Videos

Public input in many ways

On site at a public input meeting, Craig describes four ways for people to give their opinions.


This video has captions. To see them, click CC on the video screen.

Here’s what Craig says in the video.

Hi everybody. Hey it’s Craig Freshley here.

I am at a meeting – the whole purpose is to gather public input. Tonight we’re in Brunswick, Maine asking people what they think the future of the town should be.

Now, when you ask people to provide information it’s really good if you can ask them to give it in several different ways because you know not everybody is comfortable raising a hand and speaking out loud in public. Sometimes we do that – take a look over here. We did that in this meeting earlier tonight and we showed right on the screen what people said. As they raised their hands and spoke out, we typed their comments.

But that’s not the only way. Also earlier tonight, we asked people to write their comments on these pieces of paper and we put them on the wall. We didn’t know how they were going to be organized. We organized them after we saw all the pieces of paper on the wall.

A third way that we’re asking people to make their comments tonight is by writing on pieces of paper at their tables. Look we’ve got a question right down on the chart and we’re asking people to discuss and write their answers.

That’s not all – come over here. We asked people to draw their ideas on maps. “Where do you want growth to occur in our town? Where do you want no growth?”

Look, the point is that whenever you’re asking for public input ask it in a way that gives many different types of opportunities to give their input. That’s how you help your group make good decisions.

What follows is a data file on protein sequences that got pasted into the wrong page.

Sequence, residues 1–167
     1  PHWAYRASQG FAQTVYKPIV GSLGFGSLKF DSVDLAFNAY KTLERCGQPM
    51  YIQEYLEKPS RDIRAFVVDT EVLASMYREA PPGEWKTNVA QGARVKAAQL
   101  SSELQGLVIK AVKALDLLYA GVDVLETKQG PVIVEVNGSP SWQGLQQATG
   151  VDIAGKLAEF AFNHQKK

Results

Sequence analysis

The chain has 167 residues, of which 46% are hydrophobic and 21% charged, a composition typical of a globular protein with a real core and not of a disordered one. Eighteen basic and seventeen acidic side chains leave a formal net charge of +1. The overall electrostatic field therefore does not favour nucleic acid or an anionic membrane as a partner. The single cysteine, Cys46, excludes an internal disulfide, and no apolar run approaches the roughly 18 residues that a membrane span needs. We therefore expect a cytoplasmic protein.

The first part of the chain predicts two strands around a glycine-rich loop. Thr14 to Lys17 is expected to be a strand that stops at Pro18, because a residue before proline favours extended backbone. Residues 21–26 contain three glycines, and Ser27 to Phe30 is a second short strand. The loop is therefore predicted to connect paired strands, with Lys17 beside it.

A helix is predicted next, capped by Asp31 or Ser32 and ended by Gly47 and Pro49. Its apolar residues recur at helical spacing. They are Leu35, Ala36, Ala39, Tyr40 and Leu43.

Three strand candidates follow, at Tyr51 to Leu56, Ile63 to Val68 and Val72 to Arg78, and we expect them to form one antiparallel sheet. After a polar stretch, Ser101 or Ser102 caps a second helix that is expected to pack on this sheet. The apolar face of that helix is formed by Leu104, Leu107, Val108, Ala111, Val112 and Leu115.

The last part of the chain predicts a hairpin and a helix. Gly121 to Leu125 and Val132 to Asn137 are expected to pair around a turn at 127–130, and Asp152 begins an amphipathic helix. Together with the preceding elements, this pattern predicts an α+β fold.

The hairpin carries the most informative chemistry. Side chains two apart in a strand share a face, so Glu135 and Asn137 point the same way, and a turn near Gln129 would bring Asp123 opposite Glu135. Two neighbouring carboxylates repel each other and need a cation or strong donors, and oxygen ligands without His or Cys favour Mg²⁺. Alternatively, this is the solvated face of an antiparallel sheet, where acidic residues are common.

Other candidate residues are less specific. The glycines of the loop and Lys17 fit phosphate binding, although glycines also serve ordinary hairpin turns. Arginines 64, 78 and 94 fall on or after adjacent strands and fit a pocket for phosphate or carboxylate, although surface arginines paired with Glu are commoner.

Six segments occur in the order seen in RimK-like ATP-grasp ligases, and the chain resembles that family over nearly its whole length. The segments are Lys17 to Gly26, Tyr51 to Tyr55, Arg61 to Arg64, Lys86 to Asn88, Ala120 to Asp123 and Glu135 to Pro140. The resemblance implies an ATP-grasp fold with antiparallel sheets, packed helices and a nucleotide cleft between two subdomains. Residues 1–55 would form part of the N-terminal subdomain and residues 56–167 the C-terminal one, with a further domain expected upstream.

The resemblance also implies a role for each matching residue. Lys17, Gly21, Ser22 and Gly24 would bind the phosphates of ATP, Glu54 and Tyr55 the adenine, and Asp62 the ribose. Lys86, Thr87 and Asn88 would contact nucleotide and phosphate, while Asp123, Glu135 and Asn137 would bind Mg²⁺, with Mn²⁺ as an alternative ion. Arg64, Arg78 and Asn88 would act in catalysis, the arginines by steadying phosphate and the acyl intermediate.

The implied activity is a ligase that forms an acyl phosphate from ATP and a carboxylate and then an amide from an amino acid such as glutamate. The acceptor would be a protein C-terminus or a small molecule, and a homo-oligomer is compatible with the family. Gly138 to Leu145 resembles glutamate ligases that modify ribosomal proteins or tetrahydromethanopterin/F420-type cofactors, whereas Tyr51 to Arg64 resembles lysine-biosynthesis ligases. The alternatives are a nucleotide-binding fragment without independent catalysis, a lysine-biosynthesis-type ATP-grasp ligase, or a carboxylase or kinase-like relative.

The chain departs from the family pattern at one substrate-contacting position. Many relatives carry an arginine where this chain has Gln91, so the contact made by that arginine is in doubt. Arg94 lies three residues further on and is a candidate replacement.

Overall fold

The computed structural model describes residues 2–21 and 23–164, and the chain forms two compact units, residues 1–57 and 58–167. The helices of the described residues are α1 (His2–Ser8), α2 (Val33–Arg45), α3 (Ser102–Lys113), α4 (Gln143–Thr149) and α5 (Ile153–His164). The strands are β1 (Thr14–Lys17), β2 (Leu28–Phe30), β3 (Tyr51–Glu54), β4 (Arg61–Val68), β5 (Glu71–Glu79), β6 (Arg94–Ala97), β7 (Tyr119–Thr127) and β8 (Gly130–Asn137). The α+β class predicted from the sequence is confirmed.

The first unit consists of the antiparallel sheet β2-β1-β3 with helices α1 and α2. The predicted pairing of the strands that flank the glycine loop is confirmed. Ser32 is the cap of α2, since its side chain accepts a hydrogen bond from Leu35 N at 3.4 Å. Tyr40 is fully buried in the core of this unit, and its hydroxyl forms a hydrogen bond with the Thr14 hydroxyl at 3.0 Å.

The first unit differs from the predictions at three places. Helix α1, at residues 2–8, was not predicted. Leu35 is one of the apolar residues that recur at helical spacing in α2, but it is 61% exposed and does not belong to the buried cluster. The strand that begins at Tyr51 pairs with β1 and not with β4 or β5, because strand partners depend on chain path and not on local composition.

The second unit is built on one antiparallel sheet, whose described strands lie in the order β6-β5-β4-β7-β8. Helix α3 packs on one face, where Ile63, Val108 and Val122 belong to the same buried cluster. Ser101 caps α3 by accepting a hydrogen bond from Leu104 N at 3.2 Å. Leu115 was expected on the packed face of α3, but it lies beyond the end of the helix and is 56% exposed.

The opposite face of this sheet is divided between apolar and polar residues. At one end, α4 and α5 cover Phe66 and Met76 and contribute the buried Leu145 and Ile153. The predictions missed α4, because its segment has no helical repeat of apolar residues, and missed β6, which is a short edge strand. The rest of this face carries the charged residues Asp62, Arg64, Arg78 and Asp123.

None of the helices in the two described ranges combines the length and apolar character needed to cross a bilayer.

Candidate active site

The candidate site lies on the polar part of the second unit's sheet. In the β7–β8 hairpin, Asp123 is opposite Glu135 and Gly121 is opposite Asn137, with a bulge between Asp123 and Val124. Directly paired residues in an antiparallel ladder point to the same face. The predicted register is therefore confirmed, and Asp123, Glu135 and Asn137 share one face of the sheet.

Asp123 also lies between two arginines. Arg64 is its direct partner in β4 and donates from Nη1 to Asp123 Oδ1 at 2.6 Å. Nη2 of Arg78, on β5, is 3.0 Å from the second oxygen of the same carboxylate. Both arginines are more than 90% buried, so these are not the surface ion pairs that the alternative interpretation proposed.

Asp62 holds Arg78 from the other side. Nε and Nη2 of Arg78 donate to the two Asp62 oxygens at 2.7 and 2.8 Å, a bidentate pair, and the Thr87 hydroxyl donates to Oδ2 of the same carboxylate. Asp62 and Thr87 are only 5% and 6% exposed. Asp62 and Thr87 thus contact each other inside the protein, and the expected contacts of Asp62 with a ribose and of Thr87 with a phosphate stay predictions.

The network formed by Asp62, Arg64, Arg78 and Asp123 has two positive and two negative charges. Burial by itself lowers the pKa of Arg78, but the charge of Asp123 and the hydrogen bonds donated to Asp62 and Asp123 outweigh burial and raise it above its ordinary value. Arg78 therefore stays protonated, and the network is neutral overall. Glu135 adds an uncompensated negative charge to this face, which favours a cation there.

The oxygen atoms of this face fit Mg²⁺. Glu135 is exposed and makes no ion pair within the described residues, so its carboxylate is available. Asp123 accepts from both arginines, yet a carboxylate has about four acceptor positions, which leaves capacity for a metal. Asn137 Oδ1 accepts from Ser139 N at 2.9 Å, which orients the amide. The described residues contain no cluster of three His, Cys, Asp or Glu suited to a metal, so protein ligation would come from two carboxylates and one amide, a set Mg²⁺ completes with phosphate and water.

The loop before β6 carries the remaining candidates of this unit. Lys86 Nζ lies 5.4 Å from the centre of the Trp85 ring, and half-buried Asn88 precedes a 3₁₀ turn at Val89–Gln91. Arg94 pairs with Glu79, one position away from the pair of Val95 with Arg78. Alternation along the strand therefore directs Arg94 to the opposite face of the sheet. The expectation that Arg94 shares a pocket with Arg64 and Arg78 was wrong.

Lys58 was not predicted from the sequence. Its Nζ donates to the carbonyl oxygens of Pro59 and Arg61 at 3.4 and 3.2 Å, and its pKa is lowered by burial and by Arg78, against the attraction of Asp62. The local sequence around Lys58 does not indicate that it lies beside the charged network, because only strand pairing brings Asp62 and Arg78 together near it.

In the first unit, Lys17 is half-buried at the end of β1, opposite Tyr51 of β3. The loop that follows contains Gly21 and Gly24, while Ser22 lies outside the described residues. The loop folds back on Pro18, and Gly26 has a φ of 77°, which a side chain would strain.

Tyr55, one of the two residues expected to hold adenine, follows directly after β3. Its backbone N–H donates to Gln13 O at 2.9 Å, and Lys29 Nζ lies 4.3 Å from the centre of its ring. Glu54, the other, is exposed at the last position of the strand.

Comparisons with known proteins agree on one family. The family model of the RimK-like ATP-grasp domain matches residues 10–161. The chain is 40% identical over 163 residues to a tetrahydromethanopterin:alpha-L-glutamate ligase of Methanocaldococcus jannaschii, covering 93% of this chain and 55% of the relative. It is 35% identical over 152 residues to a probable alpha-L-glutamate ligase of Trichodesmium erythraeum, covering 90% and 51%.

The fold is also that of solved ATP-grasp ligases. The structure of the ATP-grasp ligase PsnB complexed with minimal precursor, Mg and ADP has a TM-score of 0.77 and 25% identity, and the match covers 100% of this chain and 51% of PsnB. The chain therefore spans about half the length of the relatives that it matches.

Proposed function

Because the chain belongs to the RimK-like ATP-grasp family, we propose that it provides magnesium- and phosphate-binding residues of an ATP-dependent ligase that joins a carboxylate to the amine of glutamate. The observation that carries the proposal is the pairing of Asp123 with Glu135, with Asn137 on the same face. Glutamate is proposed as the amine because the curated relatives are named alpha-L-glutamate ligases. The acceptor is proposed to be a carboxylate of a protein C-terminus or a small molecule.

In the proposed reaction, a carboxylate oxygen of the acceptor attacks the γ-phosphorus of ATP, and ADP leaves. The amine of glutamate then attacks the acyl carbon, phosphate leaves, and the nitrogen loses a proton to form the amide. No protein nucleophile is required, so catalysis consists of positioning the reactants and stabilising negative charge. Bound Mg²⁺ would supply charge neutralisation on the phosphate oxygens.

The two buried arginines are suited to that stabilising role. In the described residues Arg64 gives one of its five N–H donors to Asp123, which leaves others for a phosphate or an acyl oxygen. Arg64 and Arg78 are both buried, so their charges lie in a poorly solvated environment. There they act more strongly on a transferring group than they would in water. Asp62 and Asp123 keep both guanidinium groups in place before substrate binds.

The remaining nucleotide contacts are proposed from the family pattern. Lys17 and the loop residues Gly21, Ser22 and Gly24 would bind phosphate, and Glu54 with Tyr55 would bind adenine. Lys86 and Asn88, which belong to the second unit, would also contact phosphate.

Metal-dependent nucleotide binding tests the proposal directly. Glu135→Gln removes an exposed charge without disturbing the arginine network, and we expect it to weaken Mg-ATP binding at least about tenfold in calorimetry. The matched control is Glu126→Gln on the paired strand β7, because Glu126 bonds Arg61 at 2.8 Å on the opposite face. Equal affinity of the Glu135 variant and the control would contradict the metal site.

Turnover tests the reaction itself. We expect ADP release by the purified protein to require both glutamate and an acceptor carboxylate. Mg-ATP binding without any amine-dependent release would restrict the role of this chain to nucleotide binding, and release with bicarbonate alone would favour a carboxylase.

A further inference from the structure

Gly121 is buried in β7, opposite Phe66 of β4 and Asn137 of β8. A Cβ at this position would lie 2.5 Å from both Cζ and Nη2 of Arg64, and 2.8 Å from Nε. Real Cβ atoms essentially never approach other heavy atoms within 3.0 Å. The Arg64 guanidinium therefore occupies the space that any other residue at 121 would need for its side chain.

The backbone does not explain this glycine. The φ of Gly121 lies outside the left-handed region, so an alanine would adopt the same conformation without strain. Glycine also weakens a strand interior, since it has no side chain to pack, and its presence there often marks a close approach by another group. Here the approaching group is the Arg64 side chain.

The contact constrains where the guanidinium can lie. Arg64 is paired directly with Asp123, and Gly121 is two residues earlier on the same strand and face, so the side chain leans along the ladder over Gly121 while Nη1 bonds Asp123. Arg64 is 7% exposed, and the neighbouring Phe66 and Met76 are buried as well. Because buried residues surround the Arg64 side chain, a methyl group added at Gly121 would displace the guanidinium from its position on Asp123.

Thanks for listening everybody.

Put the Tips in action for your group. Click here to learn about Craig’s Keynotes and Seminars.

Should facilitators make suggestions?

Excerpt from this video: “There are times when I think it’s perfectly appropriate and in fact extremely helpful to the group if the facilitator makes suggestions, makes proposals.”

What times? Craig explains in the video.

This video has captions. To see them, click CC on the video screen.

Here’s what Craig says in the video

Hi everybody! Hey it’s Craig Freshley here.

There’s a school of thought out there that a neutral facilitator should never make any kind of suggestion when facilitating a group; that all proposals, all ideas, should come from members of the group and the facilitator just manages and, well, facilitates that. I don’t subscribe to that school of thought.

First of all, let’s take a look. I think there are three types of suggestions.

One type of suggestion is purely content. “Oh, you guys are talking about where to have your annual meeting? I know this place. It’s really great. And blah blah blah.” That is a content suggestion. I think that content suggestions, by and large, are off limits for neutral facilitators.

But there are two other kinds.

Another kind is what I would call a process suggestion. So maybe we’ve designed an agenda, we are working through a decision making process, and I have an idea of a process that might serve the group better. Process suggestions, I think, are perfectly fine for a group facilitator to make. That’s what the facilitator has been hired to do; manage the process. The facilitator should be always thinking about better processes and should make suggestions accordingly that will help the group.